Managing the Mob
Having turned informant on a rival, Mafia boss Giovanni Manzoni (Robert De Niro) and his family are put in to the witness protection program under the supervision of Agent Robert Stansfield (Tommy Lee Jones) and sent to live in a quaint house in Normandy where the FBI try to keep a watchful eye on them. Trouble is that starting a new life and trying to fit in is not so easy as old habits die hard especially when someone upsets any of them. And then Giovanni who finds himself saying that he is a writer doing a commission on the Normandy Landings asked to give a talk on a movie which only ends up being "Goodfellas". But things really start to kick off when the rival mob boss who Giovanni informed on manages to track them down.
I think "The Family" is one of those movies where the idea ends up more entertaining than the final product but if the idea appeals to you then the various issues such as why ask Americans to blend in to Normandy won't be so much of an issue. The other thing about "The Family" is that you need to be a fan of De Niro and his mob movie portfolio to enjoy all the little references such as a flashback scene to a barbecue and we get that trademark face on shot of De Niro with the smile which causes lines to appear under his eyes and could have come right out of the "Goodfellas".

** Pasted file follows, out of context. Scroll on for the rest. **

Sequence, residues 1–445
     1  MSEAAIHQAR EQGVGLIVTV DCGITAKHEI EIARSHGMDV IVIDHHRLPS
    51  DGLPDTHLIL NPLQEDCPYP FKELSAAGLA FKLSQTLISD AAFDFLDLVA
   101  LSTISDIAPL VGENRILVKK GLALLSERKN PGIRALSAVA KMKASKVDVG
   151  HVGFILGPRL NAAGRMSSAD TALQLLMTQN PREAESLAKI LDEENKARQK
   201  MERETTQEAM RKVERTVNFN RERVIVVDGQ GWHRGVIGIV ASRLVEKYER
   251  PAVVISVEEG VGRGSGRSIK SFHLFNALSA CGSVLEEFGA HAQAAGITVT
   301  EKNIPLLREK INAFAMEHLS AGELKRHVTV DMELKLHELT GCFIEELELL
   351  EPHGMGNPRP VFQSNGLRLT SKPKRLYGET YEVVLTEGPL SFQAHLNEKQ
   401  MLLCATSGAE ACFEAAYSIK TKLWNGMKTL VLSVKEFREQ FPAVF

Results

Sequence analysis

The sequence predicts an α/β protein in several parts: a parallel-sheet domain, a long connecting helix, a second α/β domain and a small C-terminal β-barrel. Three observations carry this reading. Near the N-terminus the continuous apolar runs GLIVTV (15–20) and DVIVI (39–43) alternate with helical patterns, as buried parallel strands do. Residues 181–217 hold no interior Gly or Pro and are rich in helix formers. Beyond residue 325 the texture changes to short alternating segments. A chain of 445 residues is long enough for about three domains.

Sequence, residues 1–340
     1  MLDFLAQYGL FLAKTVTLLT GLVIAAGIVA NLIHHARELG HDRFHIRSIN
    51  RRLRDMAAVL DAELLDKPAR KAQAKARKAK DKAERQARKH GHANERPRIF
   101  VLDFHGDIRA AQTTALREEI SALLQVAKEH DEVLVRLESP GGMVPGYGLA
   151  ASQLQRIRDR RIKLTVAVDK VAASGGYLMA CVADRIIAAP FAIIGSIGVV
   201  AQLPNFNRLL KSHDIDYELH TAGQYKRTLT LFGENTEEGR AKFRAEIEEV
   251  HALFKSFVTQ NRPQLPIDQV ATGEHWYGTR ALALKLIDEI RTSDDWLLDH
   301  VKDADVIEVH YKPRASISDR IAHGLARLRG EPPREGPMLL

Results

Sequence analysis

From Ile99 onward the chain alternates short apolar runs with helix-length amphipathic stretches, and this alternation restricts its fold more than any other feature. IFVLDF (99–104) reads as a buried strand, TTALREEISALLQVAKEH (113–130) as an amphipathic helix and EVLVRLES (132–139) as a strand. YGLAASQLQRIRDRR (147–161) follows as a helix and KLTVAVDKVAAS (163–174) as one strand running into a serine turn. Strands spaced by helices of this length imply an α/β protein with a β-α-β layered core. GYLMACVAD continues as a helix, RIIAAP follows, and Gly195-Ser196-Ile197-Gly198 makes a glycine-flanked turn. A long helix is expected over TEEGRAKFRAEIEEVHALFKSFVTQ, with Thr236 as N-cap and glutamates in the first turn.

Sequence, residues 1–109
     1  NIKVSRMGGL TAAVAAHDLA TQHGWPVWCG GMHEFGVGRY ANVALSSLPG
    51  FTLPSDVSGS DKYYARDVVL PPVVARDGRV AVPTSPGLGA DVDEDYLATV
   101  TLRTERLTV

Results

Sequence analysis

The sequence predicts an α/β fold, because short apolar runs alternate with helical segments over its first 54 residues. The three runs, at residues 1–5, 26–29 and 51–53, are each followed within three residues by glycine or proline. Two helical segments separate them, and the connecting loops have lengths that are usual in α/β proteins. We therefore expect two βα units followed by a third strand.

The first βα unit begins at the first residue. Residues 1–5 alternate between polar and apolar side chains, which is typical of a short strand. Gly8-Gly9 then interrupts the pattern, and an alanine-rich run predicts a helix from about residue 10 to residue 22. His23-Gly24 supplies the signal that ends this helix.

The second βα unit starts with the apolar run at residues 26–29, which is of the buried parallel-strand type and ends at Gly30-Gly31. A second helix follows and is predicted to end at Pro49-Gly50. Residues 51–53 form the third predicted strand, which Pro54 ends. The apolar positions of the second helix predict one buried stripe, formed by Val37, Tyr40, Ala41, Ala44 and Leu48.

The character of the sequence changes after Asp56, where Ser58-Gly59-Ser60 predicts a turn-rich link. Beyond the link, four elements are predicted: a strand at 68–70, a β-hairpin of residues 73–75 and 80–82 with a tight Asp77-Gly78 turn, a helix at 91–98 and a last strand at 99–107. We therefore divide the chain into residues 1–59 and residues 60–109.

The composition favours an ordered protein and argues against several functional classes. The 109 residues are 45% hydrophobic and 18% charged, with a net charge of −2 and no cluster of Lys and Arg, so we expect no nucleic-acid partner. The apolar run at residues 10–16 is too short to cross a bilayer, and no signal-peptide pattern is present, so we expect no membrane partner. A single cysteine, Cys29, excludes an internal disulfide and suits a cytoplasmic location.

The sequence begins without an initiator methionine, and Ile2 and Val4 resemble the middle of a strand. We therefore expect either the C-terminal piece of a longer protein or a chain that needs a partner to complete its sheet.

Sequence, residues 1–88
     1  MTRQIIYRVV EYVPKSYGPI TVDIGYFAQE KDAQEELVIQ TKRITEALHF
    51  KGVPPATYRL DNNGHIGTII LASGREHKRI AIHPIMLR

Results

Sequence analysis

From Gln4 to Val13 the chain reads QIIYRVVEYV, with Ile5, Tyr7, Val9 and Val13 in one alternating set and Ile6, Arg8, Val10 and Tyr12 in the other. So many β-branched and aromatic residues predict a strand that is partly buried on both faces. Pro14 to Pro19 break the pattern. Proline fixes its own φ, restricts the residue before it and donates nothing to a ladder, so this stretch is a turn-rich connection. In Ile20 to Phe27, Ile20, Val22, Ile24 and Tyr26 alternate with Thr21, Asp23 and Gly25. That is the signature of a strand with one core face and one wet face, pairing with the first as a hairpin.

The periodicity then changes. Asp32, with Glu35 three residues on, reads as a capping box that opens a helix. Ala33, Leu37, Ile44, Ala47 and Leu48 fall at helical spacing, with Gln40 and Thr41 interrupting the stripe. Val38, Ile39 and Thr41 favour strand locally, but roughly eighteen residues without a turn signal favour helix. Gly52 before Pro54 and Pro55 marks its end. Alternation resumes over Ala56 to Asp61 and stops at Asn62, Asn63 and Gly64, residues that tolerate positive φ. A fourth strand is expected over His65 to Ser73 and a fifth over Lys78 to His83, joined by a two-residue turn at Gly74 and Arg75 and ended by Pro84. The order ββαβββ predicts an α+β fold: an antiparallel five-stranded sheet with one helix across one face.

Now "The Family" is not all about De Niro although he is clearly the core which the movie is built around and he is certainly in his comfort zone of being a mob black comedy. But then there are the other characters with both Michelle Pfeiffer & Dianna Agron delivering psychotic characters whilst John D'Leo is amusing as a young go to guy who can get things and create business.
The trouble with "The Family" other than initially ridiculous setup of an American family trying to blend in to Normandy is that for a while it kinds of over relies on the black comedy of this psychotic family hurting people when they get annoyed with them. I wouldn't say it is repetitive but it starts to become a little too obvious and that is the trouble with what happens when it eventually tries to move on from the black comedy because of course when you have a mob family in hiding they have to be found, it is almost like some unwritten law of movie making.
What this all boils down to is that "The Family" is an entertaining movie but it is one which kind of suffers for being over so obvious yet strangely entertaining for being such. One thing is for sure, you need to be a fan of De Niro and mob movies to appreciate some of the references.